Sunday, November 8, 2009

What a great day outside

Today was unbelievably nice, clear skies mostly, not cold (got up to 13C or 55F). I spent a lot of time outside with a camera.
First went earlier in the morning down the river bank towards the Moose River. This whole area was the subject of a stabilization project over the last couple of years.
Last year they shot 1700 soil nails into the ground and placed a lot of very nice granite from a quarry near Peterborough along the water's edge.
This year they got rid of the vegetation and shaped the bank. The result is a quagmire. You have to be very careful where you walk or you will sink in. Poor drainage, I suppose. Probably an expected consequence of getting rid of the plant life and spreading dirt around. I sink in once in a while, usually not that bad and I have learned to wear rubber boots. Today a little worse, almost over the tops of my boots. Ok, remember the drill. Put the camera in the plastic bag that is always carried (to deal with condensation in cold weather, rain or situations such as this). Put two hands on the ground to get the weight off the feet and struggle out and hope nobody is watching (laughing). Go home and wash the clothes.
Then, change cameras. I went out with a Canon 40D with 100-400mm lens. With crop factor of the 40D this is the equivalent of 640mm on a 35mm film camera. Did not have a lot of luck. The combination is not really quick focusing enough. But, got a few shots of ravens coming for eggs and one smart one deciding why bother with the ones on the ground when you can get more from the carton.
When I came back out I decided to stay on the grass as much as possible and brought out my Canon 1DIIN with the 300mmf2.8. While the camera is a few years old this is a much faster focusing combination for birds in flight. It is a heavier setup but tolerable.
Birds are flight are a tough group of subjects for me. I find that I throw away the vast majority of my shots but I imagine that is true for many people. The 300mm lens with the 1D is the same as a 390mm lens on a 35mm camera. This is not very long but my expectation was that I would be mostly photographing ravens. They are big birds and they come pretty close. Sometimes, in fact, too close for effective focusing or useful depth of field.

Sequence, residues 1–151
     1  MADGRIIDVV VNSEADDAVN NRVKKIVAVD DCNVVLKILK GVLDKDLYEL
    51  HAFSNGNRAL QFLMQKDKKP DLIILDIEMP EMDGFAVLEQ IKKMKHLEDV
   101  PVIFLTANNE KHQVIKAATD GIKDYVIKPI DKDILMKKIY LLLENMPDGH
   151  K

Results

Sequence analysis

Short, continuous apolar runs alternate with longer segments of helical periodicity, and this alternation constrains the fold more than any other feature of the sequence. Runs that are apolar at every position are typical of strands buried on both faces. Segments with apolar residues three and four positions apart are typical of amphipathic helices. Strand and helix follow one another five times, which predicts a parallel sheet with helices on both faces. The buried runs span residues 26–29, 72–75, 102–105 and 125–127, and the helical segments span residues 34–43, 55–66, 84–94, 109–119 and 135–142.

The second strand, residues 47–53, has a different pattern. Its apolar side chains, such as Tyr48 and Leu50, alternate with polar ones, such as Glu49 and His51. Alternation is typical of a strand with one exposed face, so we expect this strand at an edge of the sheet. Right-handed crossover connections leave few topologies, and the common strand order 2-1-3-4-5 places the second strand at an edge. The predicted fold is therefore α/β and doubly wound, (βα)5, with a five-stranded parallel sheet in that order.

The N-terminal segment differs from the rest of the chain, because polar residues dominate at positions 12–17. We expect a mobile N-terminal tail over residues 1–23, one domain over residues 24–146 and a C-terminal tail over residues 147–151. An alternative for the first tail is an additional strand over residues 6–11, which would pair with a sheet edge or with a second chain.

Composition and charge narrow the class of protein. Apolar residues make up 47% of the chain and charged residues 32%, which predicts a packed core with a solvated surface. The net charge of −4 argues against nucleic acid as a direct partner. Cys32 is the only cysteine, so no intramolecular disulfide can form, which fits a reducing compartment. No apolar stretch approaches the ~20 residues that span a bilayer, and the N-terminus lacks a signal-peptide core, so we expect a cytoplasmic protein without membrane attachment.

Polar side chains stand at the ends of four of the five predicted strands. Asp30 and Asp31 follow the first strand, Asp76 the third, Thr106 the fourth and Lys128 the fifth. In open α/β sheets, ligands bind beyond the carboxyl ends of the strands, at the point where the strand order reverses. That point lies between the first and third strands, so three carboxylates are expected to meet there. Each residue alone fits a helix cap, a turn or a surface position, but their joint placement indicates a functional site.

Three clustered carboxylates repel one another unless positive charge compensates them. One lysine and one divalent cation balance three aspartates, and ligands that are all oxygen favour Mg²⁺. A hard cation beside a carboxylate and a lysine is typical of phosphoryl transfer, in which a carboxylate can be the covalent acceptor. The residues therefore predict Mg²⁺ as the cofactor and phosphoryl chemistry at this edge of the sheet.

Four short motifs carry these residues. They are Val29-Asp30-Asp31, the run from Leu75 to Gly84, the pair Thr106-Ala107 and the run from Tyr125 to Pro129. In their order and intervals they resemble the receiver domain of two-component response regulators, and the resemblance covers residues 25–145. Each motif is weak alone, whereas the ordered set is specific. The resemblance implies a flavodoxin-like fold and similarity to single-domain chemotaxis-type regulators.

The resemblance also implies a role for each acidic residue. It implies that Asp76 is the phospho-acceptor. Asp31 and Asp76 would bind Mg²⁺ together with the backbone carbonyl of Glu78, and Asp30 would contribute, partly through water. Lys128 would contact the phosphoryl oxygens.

First thing I noticed was the flock of geese on the sandbar. Naturally taking pictures of them was shooting into the sun. So no great results and the geese did not have the common courtesy to come and fly over to the shoreline and perhaps give me a chance at some beautiful shots of birds lit up by the morning sun. Did a few shots but nothing spectacular.

Spent more time with the ravens. They come for eggs, not my personality. Today I went through a lot but got a few good shots of the ravens in flight and on the ground. One of them grabbed an egg and flew off and then somehow dropped it on the road so got a few shots of it and then, after I threw out a fresh egg and that bird took off with it, a more timid raven finishing it up.

I love the shapes the ravens assume when they fly especially when they are landing or turning or flying close to the ground or buildings. I try to focus on the eyes/head because once the birds get really close there is not way that the whole bird is going to be in focus with a 300mm lens. I turn exposure compensation way up, usually plus 2. Ravens are dark birds and I want to get details in them more than in the landscape.

Noticed myself in the eye of a raven in one shot so blew that up a little.

I posted a bunch of pictures from today on under Ravens and Birds - General

No comments:

Post a Comment